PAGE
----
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Clinical Chemistry and Laboratory Medicine (CCLM)

Published in Association with the European Federation of Clinical Chemistry and Laboratory Medicine (EFLM)

Editor-in-Chief: Plebani, Mario

Editorial Board Member: Gillery, Philippe / Kazmierczak, Steven / Lackner, Karl J. / Lippi, Giuseppe / Melichar, Bohuslav / Schlattmann, Peter / Whitfield, John B.

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In vivo and in vitro allergy diagnostics: it's time to reappraise the costs

Franco Borghesan1 / Daniela Bernardi2 / Mario Plebani3

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Corresponding author: Mario Plebani, Department of Laboratory Medicine, University-Hospital of Padova, Via Giustiniani, 2, 35128 Padova, Italy Phone: +39-049-8212792, Fax: +39-049 663240

Citation Information: Clinical Chemical Laboratory Medicine. Volume 45, Issue 3, Pages 391–395, ISSN (Online) 1437-4331, ISSN (Print) 1434-6621, DOI: 10.1515/CCLM.2007.077, March 2007

Publication History

Received:
October 3, 2006
Accepted:
December 20, 2006

Abstract

Background: The in vivo skin prick test (SPT) is widely considered less expensive than in vitro γ-immunoglobulin E (IgE) determination in the diagnosis of allergy. The aim of the present paper is to evaluate the relevance of component-resolved in vitro diagnosis in comparison to extract-based diagnosis and the relative global costs in relation to clinical outcomes.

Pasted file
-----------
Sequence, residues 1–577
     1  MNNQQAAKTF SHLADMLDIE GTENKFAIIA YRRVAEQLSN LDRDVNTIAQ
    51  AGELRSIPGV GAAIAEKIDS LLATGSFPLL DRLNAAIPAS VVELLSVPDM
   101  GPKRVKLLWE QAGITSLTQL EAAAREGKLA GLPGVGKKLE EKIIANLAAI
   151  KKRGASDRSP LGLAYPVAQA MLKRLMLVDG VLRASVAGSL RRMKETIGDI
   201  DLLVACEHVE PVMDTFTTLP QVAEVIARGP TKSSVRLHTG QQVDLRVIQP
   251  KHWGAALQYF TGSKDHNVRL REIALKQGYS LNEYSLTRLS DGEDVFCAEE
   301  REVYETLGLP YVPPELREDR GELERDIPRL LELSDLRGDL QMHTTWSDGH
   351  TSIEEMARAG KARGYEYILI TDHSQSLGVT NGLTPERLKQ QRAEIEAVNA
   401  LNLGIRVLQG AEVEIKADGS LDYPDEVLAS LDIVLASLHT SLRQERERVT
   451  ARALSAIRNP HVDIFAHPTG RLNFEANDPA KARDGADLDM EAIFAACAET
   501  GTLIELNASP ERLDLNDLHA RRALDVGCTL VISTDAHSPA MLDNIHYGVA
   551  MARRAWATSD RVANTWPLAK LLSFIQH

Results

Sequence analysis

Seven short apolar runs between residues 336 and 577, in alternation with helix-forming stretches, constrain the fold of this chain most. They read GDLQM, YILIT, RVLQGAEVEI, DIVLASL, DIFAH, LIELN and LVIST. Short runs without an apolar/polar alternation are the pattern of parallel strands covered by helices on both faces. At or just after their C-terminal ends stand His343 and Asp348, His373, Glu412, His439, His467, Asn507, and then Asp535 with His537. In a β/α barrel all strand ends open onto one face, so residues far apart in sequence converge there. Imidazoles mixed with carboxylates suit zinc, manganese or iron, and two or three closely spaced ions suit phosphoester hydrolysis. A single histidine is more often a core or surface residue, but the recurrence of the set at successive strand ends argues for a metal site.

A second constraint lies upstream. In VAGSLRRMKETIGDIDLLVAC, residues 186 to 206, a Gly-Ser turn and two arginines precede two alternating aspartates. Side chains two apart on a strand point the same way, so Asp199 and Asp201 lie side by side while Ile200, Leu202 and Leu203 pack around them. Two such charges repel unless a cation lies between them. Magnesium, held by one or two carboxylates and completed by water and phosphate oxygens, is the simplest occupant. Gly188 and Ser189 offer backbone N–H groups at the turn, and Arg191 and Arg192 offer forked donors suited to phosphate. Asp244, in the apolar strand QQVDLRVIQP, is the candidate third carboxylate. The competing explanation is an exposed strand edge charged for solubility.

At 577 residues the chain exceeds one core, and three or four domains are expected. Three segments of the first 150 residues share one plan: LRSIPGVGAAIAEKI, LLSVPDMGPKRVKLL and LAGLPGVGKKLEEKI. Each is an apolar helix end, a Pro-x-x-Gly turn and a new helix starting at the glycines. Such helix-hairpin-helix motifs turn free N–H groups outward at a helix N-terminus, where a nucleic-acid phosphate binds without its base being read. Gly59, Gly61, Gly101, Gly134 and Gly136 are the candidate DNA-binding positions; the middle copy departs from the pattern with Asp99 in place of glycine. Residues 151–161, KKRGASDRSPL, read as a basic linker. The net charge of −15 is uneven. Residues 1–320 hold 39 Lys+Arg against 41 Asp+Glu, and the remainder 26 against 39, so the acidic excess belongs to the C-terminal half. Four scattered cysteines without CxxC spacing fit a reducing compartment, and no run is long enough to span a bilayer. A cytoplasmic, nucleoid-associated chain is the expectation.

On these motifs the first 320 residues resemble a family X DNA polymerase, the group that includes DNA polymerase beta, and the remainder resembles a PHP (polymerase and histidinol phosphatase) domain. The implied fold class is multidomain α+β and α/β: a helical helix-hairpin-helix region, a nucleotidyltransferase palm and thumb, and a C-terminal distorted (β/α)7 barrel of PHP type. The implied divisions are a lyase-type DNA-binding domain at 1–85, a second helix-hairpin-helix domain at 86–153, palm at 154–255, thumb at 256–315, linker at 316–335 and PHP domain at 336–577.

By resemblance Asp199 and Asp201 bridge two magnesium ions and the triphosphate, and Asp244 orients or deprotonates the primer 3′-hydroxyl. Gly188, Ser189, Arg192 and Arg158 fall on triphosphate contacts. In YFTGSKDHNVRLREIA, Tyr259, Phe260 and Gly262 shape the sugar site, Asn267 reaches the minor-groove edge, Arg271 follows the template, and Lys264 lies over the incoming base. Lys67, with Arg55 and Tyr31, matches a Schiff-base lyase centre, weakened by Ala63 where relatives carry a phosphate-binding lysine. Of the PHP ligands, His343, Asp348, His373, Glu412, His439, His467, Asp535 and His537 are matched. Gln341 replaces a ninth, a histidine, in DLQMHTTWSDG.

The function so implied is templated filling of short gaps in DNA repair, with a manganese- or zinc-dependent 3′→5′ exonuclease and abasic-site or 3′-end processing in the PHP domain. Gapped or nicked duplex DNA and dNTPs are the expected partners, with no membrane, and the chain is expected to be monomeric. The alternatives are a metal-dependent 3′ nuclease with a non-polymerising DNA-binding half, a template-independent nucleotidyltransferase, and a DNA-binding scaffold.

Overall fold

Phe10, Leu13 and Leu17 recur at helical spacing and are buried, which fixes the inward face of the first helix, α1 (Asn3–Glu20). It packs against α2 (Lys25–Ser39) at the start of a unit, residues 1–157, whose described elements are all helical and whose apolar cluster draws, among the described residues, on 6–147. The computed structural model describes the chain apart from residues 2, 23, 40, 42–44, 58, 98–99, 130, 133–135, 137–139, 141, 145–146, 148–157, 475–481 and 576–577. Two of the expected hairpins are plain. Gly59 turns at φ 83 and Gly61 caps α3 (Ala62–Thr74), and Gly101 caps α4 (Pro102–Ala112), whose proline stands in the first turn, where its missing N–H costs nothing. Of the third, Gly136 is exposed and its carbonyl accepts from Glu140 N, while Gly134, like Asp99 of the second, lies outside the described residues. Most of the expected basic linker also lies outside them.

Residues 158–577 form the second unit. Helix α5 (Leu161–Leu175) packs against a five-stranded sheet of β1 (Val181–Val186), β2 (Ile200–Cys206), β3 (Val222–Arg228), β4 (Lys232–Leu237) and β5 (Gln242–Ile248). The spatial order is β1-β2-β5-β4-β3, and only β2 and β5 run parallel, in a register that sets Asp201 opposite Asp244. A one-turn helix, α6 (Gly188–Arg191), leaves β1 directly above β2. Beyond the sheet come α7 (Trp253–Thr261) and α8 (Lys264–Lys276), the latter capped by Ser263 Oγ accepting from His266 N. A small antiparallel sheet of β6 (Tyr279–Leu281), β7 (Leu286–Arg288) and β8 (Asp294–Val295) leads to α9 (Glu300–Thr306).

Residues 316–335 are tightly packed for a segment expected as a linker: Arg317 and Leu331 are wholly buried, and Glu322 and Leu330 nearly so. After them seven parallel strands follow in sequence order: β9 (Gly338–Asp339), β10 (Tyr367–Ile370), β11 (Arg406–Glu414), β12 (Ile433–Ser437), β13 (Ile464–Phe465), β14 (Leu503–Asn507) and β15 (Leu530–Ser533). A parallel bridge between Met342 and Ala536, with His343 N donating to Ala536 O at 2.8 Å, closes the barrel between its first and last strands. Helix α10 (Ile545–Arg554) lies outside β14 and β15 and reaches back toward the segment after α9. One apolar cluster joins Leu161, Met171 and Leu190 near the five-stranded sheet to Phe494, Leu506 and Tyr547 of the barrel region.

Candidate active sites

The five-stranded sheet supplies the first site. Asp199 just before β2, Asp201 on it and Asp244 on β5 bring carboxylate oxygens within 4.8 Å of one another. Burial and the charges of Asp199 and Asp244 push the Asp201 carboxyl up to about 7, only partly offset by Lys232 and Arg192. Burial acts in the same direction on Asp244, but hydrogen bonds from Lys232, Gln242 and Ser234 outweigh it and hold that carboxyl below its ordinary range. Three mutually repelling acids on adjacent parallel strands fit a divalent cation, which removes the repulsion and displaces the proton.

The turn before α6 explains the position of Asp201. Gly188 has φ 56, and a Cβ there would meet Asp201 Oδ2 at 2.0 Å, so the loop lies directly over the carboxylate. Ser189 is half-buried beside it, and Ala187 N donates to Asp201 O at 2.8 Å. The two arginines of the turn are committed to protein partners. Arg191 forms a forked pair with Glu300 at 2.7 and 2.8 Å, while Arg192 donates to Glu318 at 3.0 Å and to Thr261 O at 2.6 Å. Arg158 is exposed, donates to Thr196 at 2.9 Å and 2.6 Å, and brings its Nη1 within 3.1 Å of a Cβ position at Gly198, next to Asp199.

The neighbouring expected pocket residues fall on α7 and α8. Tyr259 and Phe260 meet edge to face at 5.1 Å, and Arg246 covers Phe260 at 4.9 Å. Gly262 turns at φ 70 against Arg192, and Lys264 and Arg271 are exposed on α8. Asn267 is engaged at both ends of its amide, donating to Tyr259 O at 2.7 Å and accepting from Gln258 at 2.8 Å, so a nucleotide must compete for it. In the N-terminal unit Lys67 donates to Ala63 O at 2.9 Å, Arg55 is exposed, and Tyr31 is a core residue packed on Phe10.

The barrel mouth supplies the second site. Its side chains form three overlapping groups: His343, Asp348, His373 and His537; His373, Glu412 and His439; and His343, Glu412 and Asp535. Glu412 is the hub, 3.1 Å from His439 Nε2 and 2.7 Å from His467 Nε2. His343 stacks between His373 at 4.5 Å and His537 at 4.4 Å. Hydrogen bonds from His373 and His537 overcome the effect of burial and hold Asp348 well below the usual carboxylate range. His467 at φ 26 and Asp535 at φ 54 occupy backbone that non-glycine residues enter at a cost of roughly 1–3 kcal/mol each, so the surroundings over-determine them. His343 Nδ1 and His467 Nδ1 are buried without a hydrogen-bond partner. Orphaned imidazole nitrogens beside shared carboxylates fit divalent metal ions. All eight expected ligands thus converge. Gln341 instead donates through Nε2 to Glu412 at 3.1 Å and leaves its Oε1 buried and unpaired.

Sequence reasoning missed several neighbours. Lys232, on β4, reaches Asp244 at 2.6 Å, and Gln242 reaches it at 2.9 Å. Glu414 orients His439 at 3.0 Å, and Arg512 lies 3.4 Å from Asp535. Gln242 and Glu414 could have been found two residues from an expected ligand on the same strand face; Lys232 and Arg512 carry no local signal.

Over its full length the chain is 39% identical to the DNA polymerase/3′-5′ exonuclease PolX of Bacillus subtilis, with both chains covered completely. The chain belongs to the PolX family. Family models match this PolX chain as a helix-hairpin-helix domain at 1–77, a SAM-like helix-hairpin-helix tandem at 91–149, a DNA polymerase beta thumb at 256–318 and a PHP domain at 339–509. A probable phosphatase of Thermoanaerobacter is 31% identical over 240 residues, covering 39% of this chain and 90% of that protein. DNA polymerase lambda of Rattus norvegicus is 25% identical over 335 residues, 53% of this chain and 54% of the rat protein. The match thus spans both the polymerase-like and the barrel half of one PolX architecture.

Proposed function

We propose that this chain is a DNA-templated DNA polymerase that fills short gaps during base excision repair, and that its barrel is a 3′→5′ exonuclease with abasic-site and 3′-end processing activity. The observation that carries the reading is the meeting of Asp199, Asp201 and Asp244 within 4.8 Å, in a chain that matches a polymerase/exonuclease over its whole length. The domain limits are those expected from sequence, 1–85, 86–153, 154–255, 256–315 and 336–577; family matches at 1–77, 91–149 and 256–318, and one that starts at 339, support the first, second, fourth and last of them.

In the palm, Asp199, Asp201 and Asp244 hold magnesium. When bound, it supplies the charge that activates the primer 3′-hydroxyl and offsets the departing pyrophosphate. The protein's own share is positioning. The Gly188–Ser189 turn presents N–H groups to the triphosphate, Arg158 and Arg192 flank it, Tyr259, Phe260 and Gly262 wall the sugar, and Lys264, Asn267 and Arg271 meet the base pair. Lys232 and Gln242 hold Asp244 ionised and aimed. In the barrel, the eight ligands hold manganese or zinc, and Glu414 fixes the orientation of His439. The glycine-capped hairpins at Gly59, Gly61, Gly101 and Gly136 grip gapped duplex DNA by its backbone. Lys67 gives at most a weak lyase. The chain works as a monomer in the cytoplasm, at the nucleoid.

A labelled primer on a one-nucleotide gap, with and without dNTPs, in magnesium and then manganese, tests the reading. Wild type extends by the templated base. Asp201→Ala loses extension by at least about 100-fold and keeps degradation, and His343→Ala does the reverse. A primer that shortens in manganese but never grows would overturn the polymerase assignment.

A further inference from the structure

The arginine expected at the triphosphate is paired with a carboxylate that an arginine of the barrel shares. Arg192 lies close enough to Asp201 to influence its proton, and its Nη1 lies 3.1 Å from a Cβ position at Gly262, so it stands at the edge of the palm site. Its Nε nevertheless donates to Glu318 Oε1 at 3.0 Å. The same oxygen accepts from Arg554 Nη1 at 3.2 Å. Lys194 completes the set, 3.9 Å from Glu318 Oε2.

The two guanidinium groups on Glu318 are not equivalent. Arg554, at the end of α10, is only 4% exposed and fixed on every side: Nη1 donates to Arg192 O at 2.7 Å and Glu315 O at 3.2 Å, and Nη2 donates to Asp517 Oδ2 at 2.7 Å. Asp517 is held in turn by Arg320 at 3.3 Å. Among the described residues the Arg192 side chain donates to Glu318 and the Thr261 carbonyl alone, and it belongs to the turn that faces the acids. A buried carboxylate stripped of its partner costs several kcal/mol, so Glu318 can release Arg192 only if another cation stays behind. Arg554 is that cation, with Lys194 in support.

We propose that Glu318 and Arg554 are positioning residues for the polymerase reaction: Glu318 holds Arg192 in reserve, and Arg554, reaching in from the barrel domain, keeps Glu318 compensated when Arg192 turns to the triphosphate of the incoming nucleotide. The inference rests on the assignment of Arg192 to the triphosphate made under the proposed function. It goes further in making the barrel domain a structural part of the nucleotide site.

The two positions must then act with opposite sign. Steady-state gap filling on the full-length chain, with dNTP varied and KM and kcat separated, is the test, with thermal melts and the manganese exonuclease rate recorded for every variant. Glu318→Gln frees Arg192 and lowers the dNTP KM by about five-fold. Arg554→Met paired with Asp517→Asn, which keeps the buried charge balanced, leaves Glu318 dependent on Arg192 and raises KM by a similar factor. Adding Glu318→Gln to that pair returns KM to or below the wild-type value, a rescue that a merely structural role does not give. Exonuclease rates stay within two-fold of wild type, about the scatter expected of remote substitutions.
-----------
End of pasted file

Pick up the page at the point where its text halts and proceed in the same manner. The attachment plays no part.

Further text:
Methods: For 50 individuals with suspected seasonal allergic rhinitis, we compared the costs of skin testing with those of specific IgE antibody measurement.

Results: The costs were higher for in vitro than in vivo testing. However, the clinical information obtained using recombinant reagents allowed correct identification of the sensitizing molecule.

Conclusions: Recombinant allergens for specific IgE in vitro measurement provide more reliable information for immunotherapy prescription. This should be translated into a significant reduction in the overall costs sustained by the healthcare system.

Clin Chem Lab Med 2007;45:391–5.

Keywords: allergen-specific immunotherapy; cost comparison; IgE determination; recombinant allergen; skin prick tests

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